Despite lack of catches, Torrey Smith making difference in unique way

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Despite lack of catches, Torrey Smith making difference in unique way

Torrey Smith may not be catching a ton of passes these days, but he's helping the Eagles in another way.

By not catching them.

Smith drew his third pass interference penalty of the year Sunday in the win over the 49ers, and it was a big 36-yard penalty on Dontae Johnson down to the 1-yard line to set up the game's first touchdown at a point in which very little was going right for the Eagles.

This is nothing new. Going back to his rookie year of 2011, he's drawn an incredible 41 pass interference calls, along with eight defensive holding penalties.

Add them up and we're looking at 849 yards.

That's about half a mile of pass interference penalties.

Without going through thousands of gamebooks, there's no way to determine exactly where Smith ranks in the NFL since 2011 in drawing pass interference penalties.

But it's a safe bet to say he's among the leaders.

“If DPI's counted in your stats, I’d probably be a Hall of Famer," Smith said this week with a laugh. "I swear. It's been happening for years.

"I’m telling you. Literally years of being held. It happened so often in Baltimore, I’m not exaggerating when I say I would have had 15 touchdowns.”

On Sunday, Smith's 36-yard PI was the Eagles' second-longest offensive play of the game. Even though it doesn't even count as a play.

Smith is certainly not putting up the kind of numbers some expected. He has just 14 catches for 210 yards and one touchdown along with four drops in half a season.

Among wide receivers with six or more starts, he's tied with Kamar Aiken of the Colts for fewest catches this year. His 210 yards are fourth fewest.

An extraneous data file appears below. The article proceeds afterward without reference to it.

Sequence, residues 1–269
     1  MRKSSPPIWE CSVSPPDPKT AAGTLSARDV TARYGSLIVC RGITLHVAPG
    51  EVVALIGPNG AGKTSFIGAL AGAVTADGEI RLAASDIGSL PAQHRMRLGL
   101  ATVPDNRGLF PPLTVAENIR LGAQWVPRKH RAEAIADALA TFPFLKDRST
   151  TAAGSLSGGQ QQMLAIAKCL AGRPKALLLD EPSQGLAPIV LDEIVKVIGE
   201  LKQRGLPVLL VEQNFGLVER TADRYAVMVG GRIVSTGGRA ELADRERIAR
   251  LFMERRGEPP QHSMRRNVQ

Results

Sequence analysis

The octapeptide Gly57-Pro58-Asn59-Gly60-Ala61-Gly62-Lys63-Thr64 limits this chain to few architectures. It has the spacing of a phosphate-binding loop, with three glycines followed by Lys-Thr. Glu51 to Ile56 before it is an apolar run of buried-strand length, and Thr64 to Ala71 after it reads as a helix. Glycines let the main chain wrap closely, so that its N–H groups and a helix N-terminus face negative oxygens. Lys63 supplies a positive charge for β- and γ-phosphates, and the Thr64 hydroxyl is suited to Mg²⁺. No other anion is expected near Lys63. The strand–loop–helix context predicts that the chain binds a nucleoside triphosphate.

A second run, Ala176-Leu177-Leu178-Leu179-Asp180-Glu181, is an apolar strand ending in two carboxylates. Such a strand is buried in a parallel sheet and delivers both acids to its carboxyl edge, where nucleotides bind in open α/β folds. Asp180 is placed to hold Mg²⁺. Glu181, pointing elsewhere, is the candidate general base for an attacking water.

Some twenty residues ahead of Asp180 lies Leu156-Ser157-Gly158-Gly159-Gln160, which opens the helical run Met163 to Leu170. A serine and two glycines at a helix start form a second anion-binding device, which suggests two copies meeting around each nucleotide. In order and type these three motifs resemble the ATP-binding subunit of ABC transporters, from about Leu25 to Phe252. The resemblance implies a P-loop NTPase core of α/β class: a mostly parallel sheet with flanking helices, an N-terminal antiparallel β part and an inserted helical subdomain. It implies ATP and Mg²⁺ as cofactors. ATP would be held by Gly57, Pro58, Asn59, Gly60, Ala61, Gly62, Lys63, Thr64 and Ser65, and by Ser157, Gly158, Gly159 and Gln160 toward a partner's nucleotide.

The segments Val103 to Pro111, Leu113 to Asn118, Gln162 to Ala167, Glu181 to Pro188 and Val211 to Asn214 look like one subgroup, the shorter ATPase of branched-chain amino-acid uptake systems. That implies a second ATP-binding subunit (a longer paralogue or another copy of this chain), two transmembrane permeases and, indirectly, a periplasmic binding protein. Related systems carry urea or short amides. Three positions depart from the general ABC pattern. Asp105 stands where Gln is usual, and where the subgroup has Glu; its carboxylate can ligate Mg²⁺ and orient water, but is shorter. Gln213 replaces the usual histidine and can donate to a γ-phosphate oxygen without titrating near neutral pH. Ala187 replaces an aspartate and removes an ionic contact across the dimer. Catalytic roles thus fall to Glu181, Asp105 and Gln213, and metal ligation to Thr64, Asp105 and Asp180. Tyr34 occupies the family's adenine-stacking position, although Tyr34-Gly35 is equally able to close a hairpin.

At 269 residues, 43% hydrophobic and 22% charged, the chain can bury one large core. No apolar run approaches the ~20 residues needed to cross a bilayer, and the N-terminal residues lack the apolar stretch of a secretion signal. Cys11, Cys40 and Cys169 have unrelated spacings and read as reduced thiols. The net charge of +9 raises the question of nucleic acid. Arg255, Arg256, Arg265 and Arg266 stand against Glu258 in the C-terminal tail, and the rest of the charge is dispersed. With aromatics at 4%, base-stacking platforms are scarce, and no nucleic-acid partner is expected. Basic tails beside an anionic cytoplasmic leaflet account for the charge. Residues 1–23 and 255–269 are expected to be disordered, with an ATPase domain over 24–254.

The last three games, he has one catch for six yards.

"I haven’t really had the ball much the last few weeks," he said. "It’s not something you want. You’d rather make big plays and big catches and help the team win than draw penalties, but at the end of the day, my No. 1 job is to help the team win the game, and that’s happening, so I just have to make sure I’m ready when my number is called."

After being targeted 23 times the first five games, he's been targeted only five times the last three.

Asked how tough this stretch has been, he said, "I think it’s easier to deal with that when you’re winning."

Eagles offensive coordinator Frank Reich said he was so impressed by Smith's effort on the play in which he drew a penalty Sunday that he showed it to the team in meetings Monday.

"It's definitely a skill," Reich said, "but here is what else it is, and this is one of the points that we made as an offense: On that particular play, I wish I could show it to you right now. That it was not just a skill, it was the effort.

"There were two minutes to go in the half. It's 3-0. We are not exactly lighting it up. It's 3rd-and-15. We are probably going in 6-0 at halftime. That's a huge play in the game.

"Torrey is probably, if you had a meter on him, is probably running faster than he's run all year long. To put a defender in a position where he's compromised, where he has to extend himself further to commit interference.

"If Torrey is maybe just going 98 percent, as opposed to 100, that's probably not a penalty. The defender can make the play with ease rather than having to extend.

"Those are the kind of things that can win or lose games. That play to me was a huge play in the game. Even though the score ended up being a wide margin, we were struggling a little bit on offense. … It's not only a skill, but it was an effort and an attitude."

Smith's stats aren't that impressive. But look past the stats, look past the numbers, and he has helped the Eagles get to 7-1.

"Rather have a touchdown than a PI," Smith said. "I probably would have like 15 more touchdowns in my career if I didn't get held.